Sounds like 'en-tek-a-veer'

Key points about entecavir

  • Entecavir is used to treat infections caused by viruses such as hepatitis B infection.
  • Find out how to take it safely and possible side effects.
blue unaunahi tile generic
Print this page

Entecavir is used to treat long-term hepatitis B infection. It is called an antiviral medicine. Entecavir works by stopping the hepatitis B virus from multiplying and in this way reduces the amount of the virus in your body. It lowers the ability of the hepatitis B virus to infect new liver cells and improves the condition of your liver.

Most people who take entecavir achieve viral suppression, which means means the virus has been controlled and is at low (or undetectable) levels in your blood. However the virus is still present and it does not mean you have been cured. It does not prevent the spread of the virus to others through sexual contact or blood or body fluid contamination, such as sharing used needles. Read more about chronic hepatitis B.

In New Zealand entecavir is available as tablets (0.5 mg).

  • The usual dose of entecavir is 0.5 mg once a day.
  • Some people may need higher doses (1 mg once a day).
  • Your doctor will advise you how long to take entecavir for.
  • Always take your entecavir exactly as your doctor has told you. The pharmacy label on your medicine will tell you how much to take, how often to take it and any special instructions.

  • Swallow your entecavir tablet whole with a glass of water.
  • Entecavir is best taken on an empty stomach, at least 2 hours before or 2 hours after food.
  • Try taking your dose about the same time each day.
  • Limit or avoid alcohol while taking entecavir. Alcohol can increase the chances of side effects like dizziness. Also alcohol may worsen liver problems.   
  • If you forget to take your dose, take it as soon as you remember. But, if it is nearly time for your next dose, take your next dose at the usual time. Do not take double the dose.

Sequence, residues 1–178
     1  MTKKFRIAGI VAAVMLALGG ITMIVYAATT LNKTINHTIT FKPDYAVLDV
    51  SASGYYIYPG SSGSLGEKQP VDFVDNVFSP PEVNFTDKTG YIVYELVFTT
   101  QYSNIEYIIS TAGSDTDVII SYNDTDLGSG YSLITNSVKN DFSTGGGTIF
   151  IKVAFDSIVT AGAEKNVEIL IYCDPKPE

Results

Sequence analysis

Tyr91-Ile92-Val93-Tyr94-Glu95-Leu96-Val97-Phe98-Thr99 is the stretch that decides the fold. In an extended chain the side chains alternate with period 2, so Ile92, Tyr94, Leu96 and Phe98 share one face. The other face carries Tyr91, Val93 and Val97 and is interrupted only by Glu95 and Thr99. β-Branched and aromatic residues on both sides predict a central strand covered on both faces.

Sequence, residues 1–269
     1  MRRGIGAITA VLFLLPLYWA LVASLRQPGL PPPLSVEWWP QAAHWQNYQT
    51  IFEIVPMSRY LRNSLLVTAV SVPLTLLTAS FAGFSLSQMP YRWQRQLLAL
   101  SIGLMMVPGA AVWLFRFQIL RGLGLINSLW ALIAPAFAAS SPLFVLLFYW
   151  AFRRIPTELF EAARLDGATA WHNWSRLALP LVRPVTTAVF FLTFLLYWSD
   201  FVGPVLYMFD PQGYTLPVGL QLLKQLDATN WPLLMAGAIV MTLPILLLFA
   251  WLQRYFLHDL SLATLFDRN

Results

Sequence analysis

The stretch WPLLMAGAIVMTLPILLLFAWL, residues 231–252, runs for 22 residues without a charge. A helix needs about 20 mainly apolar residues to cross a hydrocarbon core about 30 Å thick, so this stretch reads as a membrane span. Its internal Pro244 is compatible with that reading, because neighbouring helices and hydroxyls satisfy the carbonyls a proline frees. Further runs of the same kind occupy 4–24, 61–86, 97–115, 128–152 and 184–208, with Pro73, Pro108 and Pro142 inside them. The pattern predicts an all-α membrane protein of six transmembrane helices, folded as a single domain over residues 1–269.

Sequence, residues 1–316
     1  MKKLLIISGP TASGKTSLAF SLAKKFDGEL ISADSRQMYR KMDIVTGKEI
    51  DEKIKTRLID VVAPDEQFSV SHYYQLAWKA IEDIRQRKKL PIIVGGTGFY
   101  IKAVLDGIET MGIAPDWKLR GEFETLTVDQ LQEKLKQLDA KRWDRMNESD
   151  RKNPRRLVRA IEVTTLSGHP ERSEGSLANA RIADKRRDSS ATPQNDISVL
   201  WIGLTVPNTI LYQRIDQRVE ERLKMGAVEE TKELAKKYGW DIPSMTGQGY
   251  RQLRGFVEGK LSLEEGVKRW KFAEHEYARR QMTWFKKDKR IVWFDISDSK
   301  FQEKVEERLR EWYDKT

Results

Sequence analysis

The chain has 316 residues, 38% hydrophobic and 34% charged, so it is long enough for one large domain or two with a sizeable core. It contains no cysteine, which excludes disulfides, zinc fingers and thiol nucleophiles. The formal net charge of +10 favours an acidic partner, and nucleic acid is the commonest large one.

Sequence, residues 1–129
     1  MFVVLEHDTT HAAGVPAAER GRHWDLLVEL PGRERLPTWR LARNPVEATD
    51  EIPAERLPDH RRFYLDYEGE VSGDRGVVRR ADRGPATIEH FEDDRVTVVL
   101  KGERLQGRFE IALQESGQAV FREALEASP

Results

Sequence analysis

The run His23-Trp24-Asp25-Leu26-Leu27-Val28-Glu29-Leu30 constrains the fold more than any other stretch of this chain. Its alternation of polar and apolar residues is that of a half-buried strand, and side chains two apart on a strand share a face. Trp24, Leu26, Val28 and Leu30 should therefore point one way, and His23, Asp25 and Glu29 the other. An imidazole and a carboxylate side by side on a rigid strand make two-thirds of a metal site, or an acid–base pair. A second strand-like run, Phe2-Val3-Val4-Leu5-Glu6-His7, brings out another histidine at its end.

• Keep taking your entecavir tablets for the full time it has been prescribed, even if you feel well.
  • Blood tests: you will need regular blood tests while taking entecavir to check how well the medicine is working for you.

  • Are you pregnant, planning a pregnancy or breastfeeding?
  • Do you have problems with your kidneys?
  • Do you have HIV infection?
  • Are you taking any other medicines? This includes any medicines you buy without a prescription, such as herbal and complementary medicines.

If so, it’s important that you tell your doctor or pharmacist before you start entecavir. Sometimes a medicine isn’t suitable for a person with certain conditions, or it can only be used with extra care. 

Like all medicines, entecavir can cause side effects, although not everyone gets them. Often side effects improve as your body gets used to the new medicine.

Lactic acidosis

Entecavir can very rarely cause a condition called lactic acidosis. You are at highest risk if you have kidney problems. Contact your doctor immediately if you are being sick (vomiting), feel very unwell, have muscle cramps, become unusually tired or feel short of breath and your breathing becomes faster than normal – these are the signs of lactic acidosis.

Side effects What should I do?
  • Nausea (feeling sick) 
  • Vomiting (being sick)
  • Indigestion
  • Diarrhoea (runny poos)
  • Headache
  • Feeling tired
  • Trouble sleeping
  • Dizziness
  • These are quite common when you first start taking entecavir and usually get better with time. 
  • Tell your doctor if troublesome.
  • Signs of an allergic reaction such as skin rash, itching, swelling of your lips, face and mouth or difficulty breathing
  • Tell your doctor immediately or ring HealthLine 0800 611 116.
Did you know that you can report a side effect to a medicine to CARM (Centre for Adverse Reactions Monitoring)? Report a side effect to a product(external link)

The following links have more information on entecavir.

Hepatitis B treatment(external link) Hepatitis Foundation, NZ
Entecavir(external link) New Zealand Formulary
Entecavir Sandoz(external link) Medsafe Consumer Information


  1. Entecavir(external link) New Zealand Formulary
  2. Hepatitis B – treatments now available for primary care(external link) BPAC, NZ, 2018

Free helplines

Healthline logo

Text 1737 Helpline logo

Logo with link to Māori Pharmacists website

Credits: Sandra Ponen, Pharmacist. Healthify is brought to you by Health Navigator Charitable Trust.

Reviewed by: Angela Lambie, Pharmacist, Auckland

Last reviewed:

Page last updated: